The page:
Salvation does not come by technology, for a computer is still but a tool and can never rise above that level—as philosopher John Searle has so definitively shown in the restatement of his “Chinese Room Argument” (Minds, Brains, and Science, 1984).
True, Steve Jobs has rightly been described as one who, instead of relying on “Darwinian evolution” to change our computing habits, engaged in “intelligent design” to advance the field beyond all imaginings (Farhad Manjoo in the Washington Post, 9 October 2011). But Jobs left much to be desired in the religious realm. He dabbled in Buddhism and stayed away from all organized religion. There is no reason to think that he ever understood that his personal gifts and talents derived from a beneficent Creator—or that he needed salvation from self-centeredness.
Utopias, whether technological, political, or religious, have been one of modern man’s most dangerous dreams, leading to scientism, totalitarianism, and the loss—not the gain—of the truly human. The computer geek, no matter how capable in his sphere, has no qualifications to usher in the millennium. Only with the return of the perfect Man, the Second Adam, our Lord and Savior Jesus Christ, will the world be made right.
A former President of Apple Products—a Frenchman, no less—Jean-Louis Gassée, declared (The Third Apple, trans. I. A. Leonard, 1987):
In the Old Testament there was the first apple, the forbidden fruit of the Tree of Knowledge, which with one taste sent Adam, Eve, and all mankind into the great current of History. The second Apple was Isaac Newton’s, the symbol of our entry into the age of modern science. The Apple Computer symbol . . . represents the third Apple, the one that widens the paths of knowledge leading toward the future.
May we hypothesize that Mac computers, owing to their quality, could well be destined for use during the Eschaton? But, if so, it will be by grace and not because of human intelligence or cleverness, and those invited to the delicacies (including Chausson aux pommes flambées) at the Marriage Supper of the Lamb will still need to be clothed in Christ’s righteousness, not in the rags of human accomplishment.
The Global Journal manifests diversity—not politically-correct diversity (we stand for the historic biblical gospel, once for all delivered to the saints!) but diversity of theme in our articles. The present issue particularly illustrates our catholic—small “c”—tastes.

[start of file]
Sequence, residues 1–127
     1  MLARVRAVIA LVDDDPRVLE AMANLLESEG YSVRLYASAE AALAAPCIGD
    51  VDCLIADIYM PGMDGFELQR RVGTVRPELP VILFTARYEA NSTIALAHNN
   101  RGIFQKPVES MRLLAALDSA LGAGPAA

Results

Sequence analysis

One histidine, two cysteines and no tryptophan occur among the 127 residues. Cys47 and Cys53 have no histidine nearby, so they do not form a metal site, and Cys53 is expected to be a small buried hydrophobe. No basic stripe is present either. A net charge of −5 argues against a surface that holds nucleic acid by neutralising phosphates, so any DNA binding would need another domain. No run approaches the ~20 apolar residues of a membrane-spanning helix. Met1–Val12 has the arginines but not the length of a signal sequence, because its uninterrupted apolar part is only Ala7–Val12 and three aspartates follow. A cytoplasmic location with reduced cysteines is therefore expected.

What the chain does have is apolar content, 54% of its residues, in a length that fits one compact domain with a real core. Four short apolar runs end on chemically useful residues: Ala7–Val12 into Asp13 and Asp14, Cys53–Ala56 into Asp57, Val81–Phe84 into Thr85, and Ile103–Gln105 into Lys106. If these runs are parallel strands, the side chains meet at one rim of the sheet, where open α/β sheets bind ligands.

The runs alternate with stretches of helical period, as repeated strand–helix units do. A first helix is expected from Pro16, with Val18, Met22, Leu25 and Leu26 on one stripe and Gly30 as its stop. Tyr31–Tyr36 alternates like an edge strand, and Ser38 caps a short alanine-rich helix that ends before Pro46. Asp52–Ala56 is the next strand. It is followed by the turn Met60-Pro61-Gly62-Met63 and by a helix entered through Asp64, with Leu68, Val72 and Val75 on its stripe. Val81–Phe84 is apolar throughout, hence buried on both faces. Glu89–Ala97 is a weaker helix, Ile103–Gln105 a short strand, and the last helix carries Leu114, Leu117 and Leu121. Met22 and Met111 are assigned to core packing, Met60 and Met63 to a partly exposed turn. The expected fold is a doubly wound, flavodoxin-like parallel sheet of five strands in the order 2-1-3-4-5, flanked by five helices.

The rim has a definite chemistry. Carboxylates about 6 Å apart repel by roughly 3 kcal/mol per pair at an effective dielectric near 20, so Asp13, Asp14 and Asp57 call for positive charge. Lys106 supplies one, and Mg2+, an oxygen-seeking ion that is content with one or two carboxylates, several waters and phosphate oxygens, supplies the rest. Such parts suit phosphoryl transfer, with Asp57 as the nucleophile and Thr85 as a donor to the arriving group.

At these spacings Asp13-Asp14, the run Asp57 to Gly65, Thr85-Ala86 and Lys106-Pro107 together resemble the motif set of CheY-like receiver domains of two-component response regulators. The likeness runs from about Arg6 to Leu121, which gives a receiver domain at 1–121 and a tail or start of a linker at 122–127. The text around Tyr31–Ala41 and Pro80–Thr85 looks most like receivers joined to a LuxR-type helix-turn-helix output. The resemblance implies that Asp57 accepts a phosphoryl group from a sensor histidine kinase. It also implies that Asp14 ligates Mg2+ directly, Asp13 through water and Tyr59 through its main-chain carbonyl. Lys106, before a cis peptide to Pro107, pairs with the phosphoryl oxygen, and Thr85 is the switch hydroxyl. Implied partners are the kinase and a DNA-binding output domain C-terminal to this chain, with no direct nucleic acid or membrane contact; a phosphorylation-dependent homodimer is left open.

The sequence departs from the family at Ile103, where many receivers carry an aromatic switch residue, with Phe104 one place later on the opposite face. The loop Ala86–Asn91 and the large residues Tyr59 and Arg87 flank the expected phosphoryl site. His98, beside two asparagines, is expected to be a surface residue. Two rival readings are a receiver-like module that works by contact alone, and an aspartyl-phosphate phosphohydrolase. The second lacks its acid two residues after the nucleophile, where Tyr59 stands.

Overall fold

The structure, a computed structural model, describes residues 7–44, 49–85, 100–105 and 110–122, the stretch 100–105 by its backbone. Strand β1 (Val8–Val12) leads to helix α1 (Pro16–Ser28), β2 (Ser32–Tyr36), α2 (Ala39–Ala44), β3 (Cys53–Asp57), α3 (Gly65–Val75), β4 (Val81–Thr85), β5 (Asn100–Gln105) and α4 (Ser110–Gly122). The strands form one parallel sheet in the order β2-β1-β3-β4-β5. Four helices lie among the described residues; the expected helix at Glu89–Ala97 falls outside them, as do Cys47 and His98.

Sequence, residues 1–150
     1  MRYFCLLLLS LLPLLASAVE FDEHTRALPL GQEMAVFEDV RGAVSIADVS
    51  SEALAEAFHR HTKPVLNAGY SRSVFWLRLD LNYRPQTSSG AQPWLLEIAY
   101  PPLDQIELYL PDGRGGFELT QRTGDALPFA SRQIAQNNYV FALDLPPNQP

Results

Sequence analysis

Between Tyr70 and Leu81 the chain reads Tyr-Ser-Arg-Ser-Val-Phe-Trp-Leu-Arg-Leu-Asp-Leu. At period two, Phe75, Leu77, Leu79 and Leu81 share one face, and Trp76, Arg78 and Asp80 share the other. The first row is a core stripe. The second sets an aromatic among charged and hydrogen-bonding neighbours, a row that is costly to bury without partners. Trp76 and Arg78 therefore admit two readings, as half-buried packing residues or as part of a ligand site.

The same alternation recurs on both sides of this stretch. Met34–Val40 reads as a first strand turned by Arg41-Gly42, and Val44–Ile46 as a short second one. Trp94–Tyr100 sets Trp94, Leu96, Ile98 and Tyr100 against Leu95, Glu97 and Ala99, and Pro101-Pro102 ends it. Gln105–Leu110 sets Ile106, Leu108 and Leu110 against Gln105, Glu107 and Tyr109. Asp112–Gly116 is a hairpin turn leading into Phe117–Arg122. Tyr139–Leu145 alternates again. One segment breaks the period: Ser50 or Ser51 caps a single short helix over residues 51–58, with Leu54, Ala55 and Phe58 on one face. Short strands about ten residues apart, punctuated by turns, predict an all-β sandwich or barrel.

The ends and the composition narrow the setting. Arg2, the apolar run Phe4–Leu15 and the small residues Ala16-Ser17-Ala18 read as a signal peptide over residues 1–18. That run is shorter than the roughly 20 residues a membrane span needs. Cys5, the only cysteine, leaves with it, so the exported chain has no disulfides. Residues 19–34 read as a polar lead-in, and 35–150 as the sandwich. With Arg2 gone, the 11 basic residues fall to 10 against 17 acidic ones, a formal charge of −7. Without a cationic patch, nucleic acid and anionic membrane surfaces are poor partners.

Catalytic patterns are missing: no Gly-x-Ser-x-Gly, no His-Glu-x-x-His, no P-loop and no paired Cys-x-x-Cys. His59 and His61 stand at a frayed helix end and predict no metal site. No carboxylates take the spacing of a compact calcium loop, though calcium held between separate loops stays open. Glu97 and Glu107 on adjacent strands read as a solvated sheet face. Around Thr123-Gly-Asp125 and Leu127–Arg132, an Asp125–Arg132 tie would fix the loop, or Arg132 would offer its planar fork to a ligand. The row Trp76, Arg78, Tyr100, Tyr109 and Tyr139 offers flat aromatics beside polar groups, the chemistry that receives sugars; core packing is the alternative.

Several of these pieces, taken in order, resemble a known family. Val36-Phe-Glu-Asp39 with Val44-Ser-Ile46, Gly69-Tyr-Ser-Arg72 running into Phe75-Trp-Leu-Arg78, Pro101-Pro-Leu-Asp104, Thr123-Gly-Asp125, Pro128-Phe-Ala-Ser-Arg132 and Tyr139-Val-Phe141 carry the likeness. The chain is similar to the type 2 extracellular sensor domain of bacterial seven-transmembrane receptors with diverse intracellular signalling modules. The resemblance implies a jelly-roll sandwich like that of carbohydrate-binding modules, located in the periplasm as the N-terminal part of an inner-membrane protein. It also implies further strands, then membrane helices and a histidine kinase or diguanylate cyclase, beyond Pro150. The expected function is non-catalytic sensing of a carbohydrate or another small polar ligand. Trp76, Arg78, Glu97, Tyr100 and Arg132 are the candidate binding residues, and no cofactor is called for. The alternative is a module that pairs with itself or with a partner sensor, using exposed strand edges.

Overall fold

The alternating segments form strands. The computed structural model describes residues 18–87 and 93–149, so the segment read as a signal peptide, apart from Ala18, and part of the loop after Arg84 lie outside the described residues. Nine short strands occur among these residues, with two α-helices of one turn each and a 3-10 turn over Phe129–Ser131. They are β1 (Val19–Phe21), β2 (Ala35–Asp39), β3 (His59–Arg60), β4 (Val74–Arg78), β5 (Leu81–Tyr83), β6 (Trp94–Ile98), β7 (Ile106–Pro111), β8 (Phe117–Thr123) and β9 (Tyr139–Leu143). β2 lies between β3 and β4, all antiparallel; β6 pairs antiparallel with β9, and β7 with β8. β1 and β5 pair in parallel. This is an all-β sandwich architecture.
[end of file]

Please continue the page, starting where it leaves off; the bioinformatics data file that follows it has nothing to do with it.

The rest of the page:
John D. Laing, who provided a trenchant article on Plantinga’s “Reformed epistemology” in the previous issue, is a distinguished military chaplain; though we do not ordinarily publish an author in two consecutive issues of the Global Journal, his paper “Evangelical Chaplains, Ceremonial Deism, and the Establishment Clause” is too important not to reach our readers right away, touching, as it does, the fundamental issue of the degree of separation of church and state in America.
Then, on the philosophical side of things, Kevin Smith treats a viewpoint, panentheism, which has had much influence in liberal (especially process theology) circles: “The Rise of the Eighth-Day Man: The Advent of Modern Panentheism and Its Impact on the Doctrine of Biblical Sufficiency.”
Finally, we return to the first generation of the Protestant Reformation with a paper by Aaron T. O’Kelley: “Luther and Melanchthon on Justification: Continuity or Discontinuity.” Even if one disagrees with the author at certain points (e.g., Luther’s supposed non-acceptance of the Third Use of the Law), the reader will be transported by this essay to the heart of biblical teaching: the doctrine of justification, “on which the church stands or falls.” 
— John Warwick Montgomery
——————————————————————————– See, in support of Luther’s having held to a Third Use of the Law, Montgomery, “The Law’s Third Use: Sanctification,” in his Crisis in Lutheran Theology (2d ed., 2 vols.; Minneapolis: Bethany, 1973), I, 124-27; and Edward A. Engelbrecht, “Luther’s Threefold Use of the Law,” 75/1-2 Concordia Theological Quarterly 135-50 (January/April 2011).